Becky Ceperley, Greater Kanawha Valley Foundation

What has spurred your interest and investment in Central Appalachia?

I was born and grew up in West Virginia and I feel very strongly about my state, as most people do. West Virginia is the only state completely within Central Appalachia and much of the lack of progress and transition of economy has been attributed to our culture. I like to think that I can affect the transition using the skills I’ve learned from the people who taught me how to be an activist. I also feel like I need to give back, particularly to the women: they spent a lot of time mentoring me and I want to pay some of that back.

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Kristin Tracz, blue moon fund

Can you tell us about your past work experience as a practitioner and how that experience might inform your renewed role as a funder?

In my case, having spent time in the field (in Kentucky, focused on energy policy) gives me a good sense for the scale and scope of the challenges that many of the grantees of the Network are facing. Understanding the interconnectedness of the capacity issues in Central Appalachia will help me understand, as a funder, how to build a portfolio that addresses the totality of those issues. Money alone is not the problem; we want to direct resources to help leverage support. The purpose of the Appalachia Funders Network is to help augment financial dollars to help the region and move toward capacity building. The dollars are essential, but they are not everything.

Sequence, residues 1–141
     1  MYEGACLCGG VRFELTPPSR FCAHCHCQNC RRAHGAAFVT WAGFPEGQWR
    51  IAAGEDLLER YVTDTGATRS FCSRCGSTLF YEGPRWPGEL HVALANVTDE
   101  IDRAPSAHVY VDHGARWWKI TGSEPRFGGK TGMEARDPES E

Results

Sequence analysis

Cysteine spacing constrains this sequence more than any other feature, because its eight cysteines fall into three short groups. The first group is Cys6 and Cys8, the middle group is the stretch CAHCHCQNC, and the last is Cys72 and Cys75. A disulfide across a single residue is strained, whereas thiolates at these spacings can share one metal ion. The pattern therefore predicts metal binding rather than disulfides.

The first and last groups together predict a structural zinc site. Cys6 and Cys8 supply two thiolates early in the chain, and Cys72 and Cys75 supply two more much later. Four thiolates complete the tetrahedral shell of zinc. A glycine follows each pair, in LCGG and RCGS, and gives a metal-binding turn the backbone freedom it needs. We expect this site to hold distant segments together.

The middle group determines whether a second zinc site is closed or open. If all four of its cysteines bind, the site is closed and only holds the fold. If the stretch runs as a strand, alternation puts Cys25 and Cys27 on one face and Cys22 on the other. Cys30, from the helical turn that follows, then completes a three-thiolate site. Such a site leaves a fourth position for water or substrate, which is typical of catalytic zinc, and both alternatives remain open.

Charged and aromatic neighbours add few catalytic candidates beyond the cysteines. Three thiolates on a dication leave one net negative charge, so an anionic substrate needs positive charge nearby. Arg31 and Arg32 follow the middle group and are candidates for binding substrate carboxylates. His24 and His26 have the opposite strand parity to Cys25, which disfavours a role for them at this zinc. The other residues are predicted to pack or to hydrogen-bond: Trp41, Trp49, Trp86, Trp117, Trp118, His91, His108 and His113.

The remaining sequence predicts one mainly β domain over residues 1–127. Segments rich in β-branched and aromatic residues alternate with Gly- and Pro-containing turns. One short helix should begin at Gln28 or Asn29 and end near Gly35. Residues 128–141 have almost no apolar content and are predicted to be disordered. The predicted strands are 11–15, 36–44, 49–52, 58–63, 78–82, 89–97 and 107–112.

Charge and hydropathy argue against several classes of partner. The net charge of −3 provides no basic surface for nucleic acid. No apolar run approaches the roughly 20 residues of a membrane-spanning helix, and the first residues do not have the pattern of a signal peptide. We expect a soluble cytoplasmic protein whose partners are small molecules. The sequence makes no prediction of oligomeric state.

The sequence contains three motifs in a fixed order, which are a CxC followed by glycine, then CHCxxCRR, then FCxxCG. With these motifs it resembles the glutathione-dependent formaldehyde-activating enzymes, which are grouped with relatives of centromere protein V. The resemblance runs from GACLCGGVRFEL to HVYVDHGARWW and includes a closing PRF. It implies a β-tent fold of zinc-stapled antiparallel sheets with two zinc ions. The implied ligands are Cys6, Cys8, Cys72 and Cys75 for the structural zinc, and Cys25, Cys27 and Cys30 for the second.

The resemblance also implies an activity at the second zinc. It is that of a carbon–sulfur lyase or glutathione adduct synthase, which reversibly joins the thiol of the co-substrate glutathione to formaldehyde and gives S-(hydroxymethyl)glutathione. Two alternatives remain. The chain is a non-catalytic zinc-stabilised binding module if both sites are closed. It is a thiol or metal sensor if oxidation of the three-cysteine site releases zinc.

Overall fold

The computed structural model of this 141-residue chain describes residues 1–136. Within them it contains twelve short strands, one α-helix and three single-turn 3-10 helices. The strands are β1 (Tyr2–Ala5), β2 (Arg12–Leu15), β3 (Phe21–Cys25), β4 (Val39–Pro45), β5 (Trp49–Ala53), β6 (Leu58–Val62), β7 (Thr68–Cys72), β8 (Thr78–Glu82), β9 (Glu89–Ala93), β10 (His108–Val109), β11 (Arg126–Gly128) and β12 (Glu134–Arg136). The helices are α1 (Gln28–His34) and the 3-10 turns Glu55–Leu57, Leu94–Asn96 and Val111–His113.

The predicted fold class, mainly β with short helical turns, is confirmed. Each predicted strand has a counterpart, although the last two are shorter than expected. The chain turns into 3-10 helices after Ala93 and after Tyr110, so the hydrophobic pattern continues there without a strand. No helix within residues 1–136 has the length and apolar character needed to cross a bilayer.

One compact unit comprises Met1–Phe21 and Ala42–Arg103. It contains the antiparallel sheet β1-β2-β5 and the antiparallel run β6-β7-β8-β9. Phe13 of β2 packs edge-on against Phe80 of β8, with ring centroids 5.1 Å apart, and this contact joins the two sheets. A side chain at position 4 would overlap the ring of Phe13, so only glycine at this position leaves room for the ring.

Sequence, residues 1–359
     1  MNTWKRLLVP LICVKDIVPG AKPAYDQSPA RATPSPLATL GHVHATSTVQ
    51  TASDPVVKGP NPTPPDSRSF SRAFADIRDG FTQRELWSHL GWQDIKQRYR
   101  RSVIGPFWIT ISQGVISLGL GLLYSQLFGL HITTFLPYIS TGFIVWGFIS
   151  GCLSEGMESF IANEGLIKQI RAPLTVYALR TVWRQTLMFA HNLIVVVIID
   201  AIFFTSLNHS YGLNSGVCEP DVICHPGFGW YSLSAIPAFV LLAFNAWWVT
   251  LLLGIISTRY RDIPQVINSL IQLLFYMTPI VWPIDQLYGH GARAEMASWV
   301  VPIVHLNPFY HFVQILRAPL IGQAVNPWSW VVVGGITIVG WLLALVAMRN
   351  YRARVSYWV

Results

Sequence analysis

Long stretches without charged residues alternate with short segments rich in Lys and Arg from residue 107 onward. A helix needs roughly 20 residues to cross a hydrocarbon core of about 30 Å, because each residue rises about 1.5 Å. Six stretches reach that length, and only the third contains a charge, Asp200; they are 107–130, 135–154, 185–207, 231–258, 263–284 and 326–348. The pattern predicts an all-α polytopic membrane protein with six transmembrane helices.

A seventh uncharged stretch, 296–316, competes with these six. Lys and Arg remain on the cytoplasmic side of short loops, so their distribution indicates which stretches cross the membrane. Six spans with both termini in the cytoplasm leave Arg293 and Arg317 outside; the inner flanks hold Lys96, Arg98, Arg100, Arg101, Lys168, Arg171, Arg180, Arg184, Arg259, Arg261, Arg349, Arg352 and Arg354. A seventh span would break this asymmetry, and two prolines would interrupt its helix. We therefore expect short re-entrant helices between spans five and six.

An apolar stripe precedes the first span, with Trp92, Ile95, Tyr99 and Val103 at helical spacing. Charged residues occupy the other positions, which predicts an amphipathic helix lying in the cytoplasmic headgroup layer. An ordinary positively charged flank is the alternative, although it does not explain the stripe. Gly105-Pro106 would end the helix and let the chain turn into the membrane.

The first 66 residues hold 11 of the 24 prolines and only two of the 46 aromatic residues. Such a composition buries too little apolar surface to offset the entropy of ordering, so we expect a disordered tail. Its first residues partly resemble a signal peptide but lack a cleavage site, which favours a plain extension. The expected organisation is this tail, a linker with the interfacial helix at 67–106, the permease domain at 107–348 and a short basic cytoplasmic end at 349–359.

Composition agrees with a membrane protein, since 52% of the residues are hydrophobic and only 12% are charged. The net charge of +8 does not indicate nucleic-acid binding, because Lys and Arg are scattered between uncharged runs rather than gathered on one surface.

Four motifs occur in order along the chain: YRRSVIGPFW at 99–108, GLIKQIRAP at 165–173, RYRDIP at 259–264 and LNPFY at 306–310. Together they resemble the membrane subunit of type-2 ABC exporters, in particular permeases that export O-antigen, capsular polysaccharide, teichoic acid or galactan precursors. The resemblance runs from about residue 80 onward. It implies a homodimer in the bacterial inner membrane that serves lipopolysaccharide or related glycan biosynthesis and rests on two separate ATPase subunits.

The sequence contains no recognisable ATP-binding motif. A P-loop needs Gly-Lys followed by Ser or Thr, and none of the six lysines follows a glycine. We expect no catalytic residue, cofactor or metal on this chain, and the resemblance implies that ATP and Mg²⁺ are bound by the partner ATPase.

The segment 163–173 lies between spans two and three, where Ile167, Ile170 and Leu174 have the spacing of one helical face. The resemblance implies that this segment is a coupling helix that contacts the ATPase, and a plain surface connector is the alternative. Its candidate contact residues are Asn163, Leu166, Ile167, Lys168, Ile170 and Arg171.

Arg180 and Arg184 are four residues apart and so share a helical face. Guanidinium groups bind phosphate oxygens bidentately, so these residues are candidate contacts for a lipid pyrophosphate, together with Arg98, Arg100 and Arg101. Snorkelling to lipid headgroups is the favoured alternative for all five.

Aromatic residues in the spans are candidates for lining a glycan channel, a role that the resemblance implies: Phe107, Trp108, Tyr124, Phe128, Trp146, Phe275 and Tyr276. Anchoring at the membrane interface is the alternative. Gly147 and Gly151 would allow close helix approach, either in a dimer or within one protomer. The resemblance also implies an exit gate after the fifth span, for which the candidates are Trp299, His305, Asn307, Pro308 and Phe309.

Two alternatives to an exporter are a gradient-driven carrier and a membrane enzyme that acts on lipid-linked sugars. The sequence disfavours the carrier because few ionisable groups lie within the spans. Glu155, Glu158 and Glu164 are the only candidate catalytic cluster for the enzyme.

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Sandra Mikush, Mary Reynolds Babcock Foundation

How did you get involved with the Appalachia Funders Network?

Several years ago, I was regularly finding myself in meetings with the same people - Wayne Fawbush, Ray Daffner and Mary Hunt-Lieving. We would have individual conversations and realize that we were funding many of the same organizations. This led us to think it would be great if we had more time to connect, learn about each other’s work and explore how we could work better together. These conversations led to the idea of convening funders in the region, which eventually became the Appalachia Funders Network. Around the same time, I was involved in a year-long leadership program at Rockwood and I wanted to give myself a challenge. I asked myself, "What can I do to be an organizer within philanthropy?", which encouraged my involvement in the Network.

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